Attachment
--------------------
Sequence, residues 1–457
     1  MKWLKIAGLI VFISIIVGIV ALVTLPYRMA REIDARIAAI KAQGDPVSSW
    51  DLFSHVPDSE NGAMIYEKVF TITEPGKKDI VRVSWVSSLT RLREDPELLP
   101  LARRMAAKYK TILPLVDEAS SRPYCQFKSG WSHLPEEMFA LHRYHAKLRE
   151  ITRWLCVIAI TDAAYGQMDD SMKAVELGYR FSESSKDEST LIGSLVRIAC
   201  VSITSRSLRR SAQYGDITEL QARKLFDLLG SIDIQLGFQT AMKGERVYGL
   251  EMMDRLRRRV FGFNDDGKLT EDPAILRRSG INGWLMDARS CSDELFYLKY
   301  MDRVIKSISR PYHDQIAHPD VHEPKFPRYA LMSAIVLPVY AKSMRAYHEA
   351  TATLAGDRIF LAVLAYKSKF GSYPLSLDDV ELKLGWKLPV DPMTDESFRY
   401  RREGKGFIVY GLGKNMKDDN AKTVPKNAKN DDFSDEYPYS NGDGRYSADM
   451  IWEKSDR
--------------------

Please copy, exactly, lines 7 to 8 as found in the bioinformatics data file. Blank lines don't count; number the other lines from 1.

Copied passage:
   251  EMMDRLRRRV FGFNDDGKLT EDPAILRRSG INGWLMDARS CSDELFYLKY
   301  MDRVIKSISR PYHDQIAHPD VHEPKFPRYA LMSAIVLPVY AKSMRAYHEA